John Hartmann

Though Michael Storer’s plans call for a single balance-lug sail, boatbuilder Clint Chase added a mizzen to better keep the boat headed into the wind when reefing the main.

Twenty years ago, Australian designer Michael Storer drew up the Goat Island Skiff, which he named for an island in Sydney Harbour. Steeped in the Australian design and DIY traditions, he intended it to be light, fast, and easy to build. It was a successful idea, as to date around a thousand skiffs have been built in 27 countries. Over the course of two decades, the plans have evolved into a detailed how-to-build book, and it is now possible to get the Goat Island Skiff (GIS) in kits.

In Australia, dinghy weight standards are 8–10 lbs per foot of length—much lighter than the European and American standards set in the 1960s by relatively heavy fiberglass boats. A GIS, at 130 lbs, is about half the weight of a Finn dinghy (designed in 1949), but it has the same sail area. It is about the same weight as a Laser (designed in 1970), but with 25 sq ft more sail. Its 5′ beam gives a singlehander more power to carry that sail, but unlike a Finn or a Laser, the GIS can t ake a family sailing. The flat-bottomed skiff shape is relatively skinny on the water line, and with its significant sail area and light weight it can ghost nicely—much better than one would expect of a relatively high-wetted-surface hull.

A balance lugger, the GIS has some tweaks to make the sail set efficiently. The specifications call for the mast to be as unbending as possible, which is critical to a well-setting luff. A powerful downhaul controls draft. In some boats, this control has been moved aft to work as a vang as well, with a line around the boom and mast; this so-called “bleater” keeps the boom from going forward.

Storer recognizes that the skiff shape may not be the best for rowing, and he states that 9′ oars are needed to make a 5′ beam boat work under oars. The oars will fit in the boat’s bottom, or can be stored on the top of the bow tank, blades at the stem, handles held by the ’mid-ship seat knee.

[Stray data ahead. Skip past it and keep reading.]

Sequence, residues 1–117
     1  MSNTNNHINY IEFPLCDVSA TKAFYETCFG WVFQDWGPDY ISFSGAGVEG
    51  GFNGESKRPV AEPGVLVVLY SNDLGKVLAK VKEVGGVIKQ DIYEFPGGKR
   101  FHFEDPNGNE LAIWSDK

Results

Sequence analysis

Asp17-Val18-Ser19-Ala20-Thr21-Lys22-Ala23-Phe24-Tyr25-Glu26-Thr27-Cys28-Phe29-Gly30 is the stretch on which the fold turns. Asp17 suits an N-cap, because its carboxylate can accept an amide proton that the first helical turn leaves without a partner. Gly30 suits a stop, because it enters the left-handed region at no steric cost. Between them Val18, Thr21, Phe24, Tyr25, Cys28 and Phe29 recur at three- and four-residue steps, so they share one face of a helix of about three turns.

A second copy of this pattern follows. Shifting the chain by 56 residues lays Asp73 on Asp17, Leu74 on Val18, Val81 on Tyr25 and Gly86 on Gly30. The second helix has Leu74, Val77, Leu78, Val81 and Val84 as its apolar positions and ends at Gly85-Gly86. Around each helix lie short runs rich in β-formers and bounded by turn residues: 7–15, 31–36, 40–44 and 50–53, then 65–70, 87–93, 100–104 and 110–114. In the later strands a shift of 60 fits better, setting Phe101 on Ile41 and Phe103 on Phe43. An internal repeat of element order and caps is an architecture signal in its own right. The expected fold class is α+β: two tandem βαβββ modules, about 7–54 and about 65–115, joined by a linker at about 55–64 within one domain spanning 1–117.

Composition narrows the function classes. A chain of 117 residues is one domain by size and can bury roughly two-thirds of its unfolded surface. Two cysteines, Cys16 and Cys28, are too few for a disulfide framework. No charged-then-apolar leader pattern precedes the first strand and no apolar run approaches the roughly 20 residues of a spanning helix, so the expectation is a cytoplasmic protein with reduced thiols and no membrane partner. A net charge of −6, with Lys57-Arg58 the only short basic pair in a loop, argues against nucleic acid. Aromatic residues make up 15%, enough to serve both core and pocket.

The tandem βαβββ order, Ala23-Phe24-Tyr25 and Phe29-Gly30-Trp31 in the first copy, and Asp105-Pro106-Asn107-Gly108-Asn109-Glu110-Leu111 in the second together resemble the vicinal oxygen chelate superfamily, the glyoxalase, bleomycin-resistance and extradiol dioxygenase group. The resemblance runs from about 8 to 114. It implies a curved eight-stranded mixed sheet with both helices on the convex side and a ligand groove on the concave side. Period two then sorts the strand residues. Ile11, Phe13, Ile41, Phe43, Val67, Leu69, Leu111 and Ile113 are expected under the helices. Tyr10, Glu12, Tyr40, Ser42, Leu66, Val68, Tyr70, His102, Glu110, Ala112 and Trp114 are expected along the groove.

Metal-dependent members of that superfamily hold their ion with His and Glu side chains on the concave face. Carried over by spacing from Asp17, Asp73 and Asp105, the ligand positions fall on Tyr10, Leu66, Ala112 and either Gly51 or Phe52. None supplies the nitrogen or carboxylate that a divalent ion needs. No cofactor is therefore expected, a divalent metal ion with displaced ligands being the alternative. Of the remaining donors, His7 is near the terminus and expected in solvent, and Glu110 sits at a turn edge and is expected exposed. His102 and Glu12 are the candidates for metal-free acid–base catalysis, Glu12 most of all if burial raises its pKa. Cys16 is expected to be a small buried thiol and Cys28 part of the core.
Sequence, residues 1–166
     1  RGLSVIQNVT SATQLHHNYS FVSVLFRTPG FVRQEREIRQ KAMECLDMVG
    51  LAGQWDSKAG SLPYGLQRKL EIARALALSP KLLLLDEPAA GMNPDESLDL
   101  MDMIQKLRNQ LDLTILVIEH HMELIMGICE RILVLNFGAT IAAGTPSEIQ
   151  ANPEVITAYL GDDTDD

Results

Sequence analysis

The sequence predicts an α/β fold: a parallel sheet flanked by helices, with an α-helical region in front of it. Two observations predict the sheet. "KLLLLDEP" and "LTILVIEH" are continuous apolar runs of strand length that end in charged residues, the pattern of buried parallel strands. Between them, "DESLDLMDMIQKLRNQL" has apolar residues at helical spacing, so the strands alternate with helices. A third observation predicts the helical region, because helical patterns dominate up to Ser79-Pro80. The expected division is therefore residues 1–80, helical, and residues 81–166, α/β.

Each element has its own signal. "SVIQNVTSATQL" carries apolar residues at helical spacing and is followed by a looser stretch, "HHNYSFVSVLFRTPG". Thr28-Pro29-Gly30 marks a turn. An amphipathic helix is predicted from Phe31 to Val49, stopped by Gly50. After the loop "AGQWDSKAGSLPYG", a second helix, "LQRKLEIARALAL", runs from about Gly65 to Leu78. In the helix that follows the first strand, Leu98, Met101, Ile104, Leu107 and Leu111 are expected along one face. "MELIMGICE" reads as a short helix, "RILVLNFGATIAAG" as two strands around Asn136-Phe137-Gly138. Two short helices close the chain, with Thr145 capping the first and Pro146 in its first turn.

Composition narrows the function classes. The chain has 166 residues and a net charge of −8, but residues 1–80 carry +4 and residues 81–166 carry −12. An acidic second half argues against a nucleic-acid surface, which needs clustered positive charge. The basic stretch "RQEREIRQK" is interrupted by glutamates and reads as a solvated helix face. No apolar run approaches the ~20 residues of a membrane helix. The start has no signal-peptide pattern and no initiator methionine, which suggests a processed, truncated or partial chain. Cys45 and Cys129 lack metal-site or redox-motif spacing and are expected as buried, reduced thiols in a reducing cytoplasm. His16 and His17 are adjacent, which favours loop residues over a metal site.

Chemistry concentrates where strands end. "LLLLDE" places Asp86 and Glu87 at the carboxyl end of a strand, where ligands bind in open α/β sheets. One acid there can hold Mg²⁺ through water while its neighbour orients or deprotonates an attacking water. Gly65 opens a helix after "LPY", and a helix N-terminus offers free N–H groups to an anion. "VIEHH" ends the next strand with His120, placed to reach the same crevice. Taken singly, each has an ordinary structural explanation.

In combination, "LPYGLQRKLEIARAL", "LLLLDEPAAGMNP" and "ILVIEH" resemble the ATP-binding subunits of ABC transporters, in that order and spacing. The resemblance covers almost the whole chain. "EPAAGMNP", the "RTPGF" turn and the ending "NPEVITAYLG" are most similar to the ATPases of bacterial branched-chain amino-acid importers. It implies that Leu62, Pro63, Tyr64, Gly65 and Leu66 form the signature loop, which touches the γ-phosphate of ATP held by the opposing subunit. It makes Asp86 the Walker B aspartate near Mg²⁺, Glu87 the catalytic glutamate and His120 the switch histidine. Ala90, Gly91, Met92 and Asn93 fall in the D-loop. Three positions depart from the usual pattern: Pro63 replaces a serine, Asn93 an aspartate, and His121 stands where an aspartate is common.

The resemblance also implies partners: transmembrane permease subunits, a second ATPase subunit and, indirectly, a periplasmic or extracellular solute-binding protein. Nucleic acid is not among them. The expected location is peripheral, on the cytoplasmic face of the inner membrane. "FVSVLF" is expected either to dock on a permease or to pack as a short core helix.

Despite having heard of the Goat Island Skiff for years, I’d never sailed one until last summer, when I encountered two at the Small Reach Regatta in August; one of those boats was owned by amateur builder Paul Hayslett of Branford, Connecticut, and the other by Clint Chase, a professional from Biddeford, Maine. There was also a former GIS owner, Christophe Matson, from Bow, New Hampshire, on hand; he’d had his boat for four seasons before moving to a camp-cruiser he could sleep aboard.

Paul and Cristophe are experienced sailors who were looking for an inexpensive, yet sophisticated, boat to satisfy their skill levels. Both were first-time builders, but it doesn’t take much to build a Goat Island Skiff. The plans come with detailed instructions, and the materials amount to, essentially, six sheets of 6mm plywood.

Storer’s website goes way beyond the usual designer’s offering, providing information about boat tuning and links to other online resources including Facebook pages, blogs, and sites maintained by builders and sailors. Storer also monitors his own Goat Island Skiff Facebook page as well as the WoodenBoat Forum (, and responds fully to email questions.

The builder assembles the sides, bottom, and transom to complete the basic hull. Three seats and their supporting bulkheads form the internal skeleton for the hull structure and built-in flotation tanks. Everything is coated with epoxy; no cloth is needed. Skids provide bottom protection for beaching. The daggerboard, breasthook, quarter knees, and rails finish the boat. This minimal list of parts keeps the hull light. And that’s the impression I got when I stepped aboard Clint’s boat, BLEAT, for the first time: Everything seemed light.

Clint Chase

The Goat Island Skiff has a clean uncluttered interior, with flotation and storage compartments under the bow and stern thwarts.

To get the boat underway from the beach, a long, well-shaped daggerboard and rudder need to be shoved down once the water is deep enough. The rudder is unusual; it’s an extremely efficient vertical blade with an ingenious kick-up system. The balance lugsail goes up easily, and the powerful downhaul working against a stiff, light, hollow mast lets you control the draft. Clint and many other GIS owners are rebuilding their booms to take the loads of a loose-footed sail, a sail that will set better than one laced on. The wind was light on the day of my trial: 5–8 knots with a small chop.